Fee-only vs. Commission Investing: Which is Best?

Posted by Brogan Baxter on Fri, Apr 18, 2014

wallstreetIf you’re looking on advice for investing, and all you want is a few hot stock tips, you’ve come to the wrong place. What we will talk about is how to build a comprehensive investment plan that will build wealth in your dental practice and home accounts. There are two main things you need to keep in mind when building the framework of that plan.

The first is that you must do your best to invest in a fee-only environment, as opposed to one where your broker or manager is being paid on commission. The vast majority of people – up to 95% – use commissioned advisors. What’s the difference?

Look at the kinds of investments each type of advisor makes. A commissioned advisor will have you invest more in mutual funds that have commissions or “loads” attached to them. Do you have investments in mutual funds that end the description of the fund with “Class A”, “Class B”, or “Class C”? If so, you are in a commissioned investment. All make your advisor a commission in different places – class A will have a 3-5.75% charge at the front end, class B will have the same charge at the back end, and class C has a back end charge that’s a bit smaller. In other words, if you invest $100, only $95 will actually go into the market if it’s an A share. The rest goes to your advisor and the company they work for. And these fees pile up.

A fee-only advisor is much cheaper in the long run, and much of the time will also make you more money, since investment returns are eroded by these higher commissions. In a relationship like this the advisor is paid only on the value of your accounts rather than by the transaction, meaning that there’s a much closer correlation between the performance of your investments and the amount that you’re paying your advisor.

That’s all important because of the second thing to keep in mind when building an investment strategy – minimizing cost is crucial. There are a lot of hidden costs associated with investing, especially for a commissioned advisor. Administration fees, management fees, 12b-1 fees, the commissions themselves – again, they all add up. Together, they could eat up 5-6% of your return. You have to look at the net returns to see if your investments are really earning you what you need them to earn.

A difference in rate of return of only 3% can change your final values by up to 16% over ten years. In 20 years, the difference grows to 41%. By boosting your rate of return only slightly you can earn nearly twice as much over two decades. That’s a lot of money.

Any book on investing will tell you that a fee-only advisor is the way to go as soon as possible. But most fee-only advisors will only work with accounts that are already over $500,000 or more. That’s why you need to get your practice and personal finances in order generally, so you can take advantage of this and other useful wealth-building strategies.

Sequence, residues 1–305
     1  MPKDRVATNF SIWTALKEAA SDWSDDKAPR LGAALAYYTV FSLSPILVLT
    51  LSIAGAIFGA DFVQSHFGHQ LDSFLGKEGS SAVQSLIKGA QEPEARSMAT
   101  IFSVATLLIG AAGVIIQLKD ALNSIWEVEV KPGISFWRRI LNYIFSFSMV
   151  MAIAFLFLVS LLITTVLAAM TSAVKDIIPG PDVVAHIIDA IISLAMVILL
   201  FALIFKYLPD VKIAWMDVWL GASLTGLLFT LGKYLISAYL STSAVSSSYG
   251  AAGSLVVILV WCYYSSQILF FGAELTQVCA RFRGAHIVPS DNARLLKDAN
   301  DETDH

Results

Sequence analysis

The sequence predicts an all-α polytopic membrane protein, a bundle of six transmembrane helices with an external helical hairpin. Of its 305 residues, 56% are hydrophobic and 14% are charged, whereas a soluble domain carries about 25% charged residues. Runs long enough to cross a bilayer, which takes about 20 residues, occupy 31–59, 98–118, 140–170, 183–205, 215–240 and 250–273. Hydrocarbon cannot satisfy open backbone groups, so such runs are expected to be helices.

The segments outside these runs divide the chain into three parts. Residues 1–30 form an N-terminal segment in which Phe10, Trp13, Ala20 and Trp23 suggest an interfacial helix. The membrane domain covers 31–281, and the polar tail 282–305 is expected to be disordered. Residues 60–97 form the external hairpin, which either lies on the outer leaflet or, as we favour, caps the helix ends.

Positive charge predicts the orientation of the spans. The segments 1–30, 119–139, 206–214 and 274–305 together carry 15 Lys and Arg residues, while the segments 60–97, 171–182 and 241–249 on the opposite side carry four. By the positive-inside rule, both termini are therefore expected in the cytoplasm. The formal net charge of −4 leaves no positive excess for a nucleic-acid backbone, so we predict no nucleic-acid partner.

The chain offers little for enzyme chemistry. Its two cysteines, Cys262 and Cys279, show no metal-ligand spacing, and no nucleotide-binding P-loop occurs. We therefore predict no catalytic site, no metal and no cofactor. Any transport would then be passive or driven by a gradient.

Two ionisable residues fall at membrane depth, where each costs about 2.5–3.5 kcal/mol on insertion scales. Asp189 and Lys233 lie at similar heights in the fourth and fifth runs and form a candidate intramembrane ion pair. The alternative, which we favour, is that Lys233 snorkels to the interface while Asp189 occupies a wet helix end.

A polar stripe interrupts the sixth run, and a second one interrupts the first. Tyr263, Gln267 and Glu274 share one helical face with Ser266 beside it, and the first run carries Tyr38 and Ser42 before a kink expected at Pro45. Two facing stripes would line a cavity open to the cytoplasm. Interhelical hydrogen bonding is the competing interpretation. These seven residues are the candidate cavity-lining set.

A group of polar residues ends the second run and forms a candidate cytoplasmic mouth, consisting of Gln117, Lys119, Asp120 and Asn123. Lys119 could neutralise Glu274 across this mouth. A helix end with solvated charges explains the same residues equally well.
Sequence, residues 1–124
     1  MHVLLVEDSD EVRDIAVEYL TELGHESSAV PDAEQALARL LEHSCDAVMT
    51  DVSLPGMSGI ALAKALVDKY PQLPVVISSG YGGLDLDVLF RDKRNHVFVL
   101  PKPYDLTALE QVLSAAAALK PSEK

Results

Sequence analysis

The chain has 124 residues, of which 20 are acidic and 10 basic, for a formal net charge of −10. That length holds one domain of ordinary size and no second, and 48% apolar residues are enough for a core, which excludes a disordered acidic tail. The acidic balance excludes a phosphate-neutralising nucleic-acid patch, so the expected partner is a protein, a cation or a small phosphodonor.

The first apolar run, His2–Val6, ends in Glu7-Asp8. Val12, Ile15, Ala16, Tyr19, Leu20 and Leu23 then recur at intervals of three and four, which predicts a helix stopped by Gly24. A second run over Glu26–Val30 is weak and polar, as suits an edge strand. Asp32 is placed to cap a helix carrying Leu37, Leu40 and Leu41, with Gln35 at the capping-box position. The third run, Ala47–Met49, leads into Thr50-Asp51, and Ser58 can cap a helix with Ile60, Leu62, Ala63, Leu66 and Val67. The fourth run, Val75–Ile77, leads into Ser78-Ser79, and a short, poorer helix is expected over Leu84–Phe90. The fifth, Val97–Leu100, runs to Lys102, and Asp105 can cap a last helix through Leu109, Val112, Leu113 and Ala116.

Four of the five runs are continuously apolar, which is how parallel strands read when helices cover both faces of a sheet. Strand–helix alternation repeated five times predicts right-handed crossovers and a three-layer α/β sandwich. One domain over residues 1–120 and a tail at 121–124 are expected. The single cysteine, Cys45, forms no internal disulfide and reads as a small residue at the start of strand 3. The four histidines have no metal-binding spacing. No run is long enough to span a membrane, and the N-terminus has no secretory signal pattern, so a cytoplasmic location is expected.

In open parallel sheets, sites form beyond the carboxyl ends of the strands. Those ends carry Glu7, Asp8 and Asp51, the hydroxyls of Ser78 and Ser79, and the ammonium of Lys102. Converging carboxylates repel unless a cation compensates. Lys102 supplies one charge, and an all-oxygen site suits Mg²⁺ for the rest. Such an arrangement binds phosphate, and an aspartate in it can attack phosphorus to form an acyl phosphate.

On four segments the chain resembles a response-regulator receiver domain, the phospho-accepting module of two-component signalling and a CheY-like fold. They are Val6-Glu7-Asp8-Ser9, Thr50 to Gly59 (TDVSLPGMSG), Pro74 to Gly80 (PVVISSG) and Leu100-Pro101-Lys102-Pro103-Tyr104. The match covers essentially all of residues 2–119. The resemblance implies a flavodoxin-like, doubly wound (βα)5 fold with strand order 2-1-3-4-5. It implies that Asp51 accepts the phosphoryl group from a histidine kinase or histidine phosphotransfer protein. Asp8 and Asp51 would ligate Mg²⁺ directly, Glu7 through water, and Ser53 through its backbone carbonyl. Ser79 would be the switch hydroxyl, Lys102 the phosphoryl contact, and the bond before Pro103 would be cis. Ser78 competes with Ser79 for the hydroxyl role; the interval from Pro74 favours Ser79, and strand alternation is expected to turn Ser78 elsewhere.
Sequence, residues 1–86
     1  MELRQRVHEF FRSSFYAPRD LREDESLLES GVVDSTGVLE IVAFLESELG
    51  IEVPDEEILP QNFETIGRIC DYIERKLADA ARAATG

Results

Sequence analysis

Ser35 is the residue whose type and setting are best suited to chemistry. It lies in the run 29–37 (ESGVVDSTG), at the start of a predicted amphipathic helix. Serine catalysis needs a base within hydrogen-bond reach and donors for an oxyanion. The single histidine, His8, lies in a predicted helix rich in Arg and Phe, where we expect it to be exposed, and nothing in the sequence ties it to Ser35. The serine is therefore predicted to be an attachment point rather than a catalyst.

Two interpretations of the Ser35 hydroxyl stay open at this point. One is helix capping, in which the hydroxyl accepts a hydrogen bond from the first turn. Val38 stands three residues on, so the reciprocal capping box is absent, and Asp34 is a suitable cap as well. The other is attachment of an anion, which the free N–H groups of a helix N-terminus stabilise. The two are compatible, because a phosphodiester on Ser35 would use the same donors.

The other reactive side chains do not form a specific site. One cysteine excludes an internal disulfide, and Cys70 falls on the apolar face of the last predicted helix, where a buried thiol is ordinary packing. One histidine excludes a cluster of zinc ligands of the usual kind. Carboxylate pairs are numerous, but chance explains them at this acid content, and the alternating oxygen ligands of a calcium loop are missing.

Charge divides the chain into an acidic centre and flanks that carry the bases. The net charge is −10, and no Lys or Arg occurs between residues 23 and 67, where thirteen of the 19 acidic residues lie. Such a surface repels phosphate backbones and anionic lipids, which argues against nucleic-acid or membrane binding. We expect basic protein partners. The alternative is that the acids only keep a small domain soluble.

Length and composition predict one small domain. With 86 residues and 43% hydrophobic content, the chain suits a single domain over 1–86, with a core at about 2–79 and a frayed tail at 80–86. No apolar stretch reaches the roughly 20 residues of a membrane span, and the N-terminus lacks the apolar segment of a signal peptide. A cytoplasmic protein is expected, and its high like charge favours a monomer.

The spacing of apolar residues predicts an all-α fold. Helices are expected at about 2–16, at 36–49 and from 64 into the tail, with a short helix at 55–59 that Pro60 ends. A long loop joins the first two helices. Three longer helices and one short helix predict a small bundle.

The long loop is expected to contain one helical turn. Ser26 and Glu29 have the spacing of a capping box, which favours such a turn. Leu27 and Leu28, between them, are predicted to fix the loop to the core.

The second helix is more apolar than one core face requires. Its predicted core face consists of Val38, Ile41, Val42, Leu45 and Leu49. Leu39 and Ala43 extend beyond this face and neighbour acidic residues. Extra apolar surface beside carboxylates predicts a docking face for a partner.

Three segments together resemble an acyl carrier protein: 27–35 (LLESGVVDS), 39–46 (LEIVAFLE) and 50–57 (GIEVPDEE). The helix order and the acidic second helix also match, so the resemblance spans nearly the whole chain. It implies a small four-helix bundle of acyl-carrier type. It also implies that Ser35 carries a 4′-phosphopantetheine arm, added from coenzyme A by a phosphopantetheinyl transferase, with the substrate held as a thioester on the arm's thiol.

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Topics: Practice Transition, dental retirement, dental tax, dental financial planning, dental accounting, Financial Planning

It’s Not Too Late to Save for Your Retirement

Posted by Brogan Baxter on Wed, Apr 16, 2014

piggyIt’s never truly too late to start saving for your retirement. Starting early is certainly better. A person who saves $20,000 a year for 25 years will, at the end, have $1.46 million saved. But to get that same amount in only 15 years, you’ll have to save $54,000 a year. In ten years, it’s $101,000 a year.

But if you’re already 50, 60, or even 70 years old it’s too late for that now. Now, it’s more about ambition. It’s about wanting to fight to better your situation, to be in a better place than where you are. If you don’t want to settle, you don’t have to. But the margin of error shrinks considerably. According to the ADA, only 4% of dentists will retire to a lifestyle similar to that which they had while working. Most dentists under 40 years old think they’ll retire at 61, but after 40 reality sets in and most say it won’t be until age 67.

Read the Guide: Financial Planning for Dentists

To get back ahead of the game, everything has to work harmoniously. You need a comprehensive approach that is focused only on building wealth. No new debt, unless it’s crucial to your practice’s operation. You can no longer overstaff just to keep things comfortable. Overhead has to be cut. An older dentist can’t just work more to make more – your practice has to get leaner and more efficient. You need to know your financial numbers, and know them fast so you can react quickly to any issue that comes up.

After your general finances are squared away, you’ll need to prepare to sell your practice. You’ll get 60-70% of your previous year’s revenue as a sale price, most likely. If you’re in a geographically desirable area you may get more than that. But remember that this should supplement what you’ve been saving already – less than a year’s revenue won’t get you very far on its own.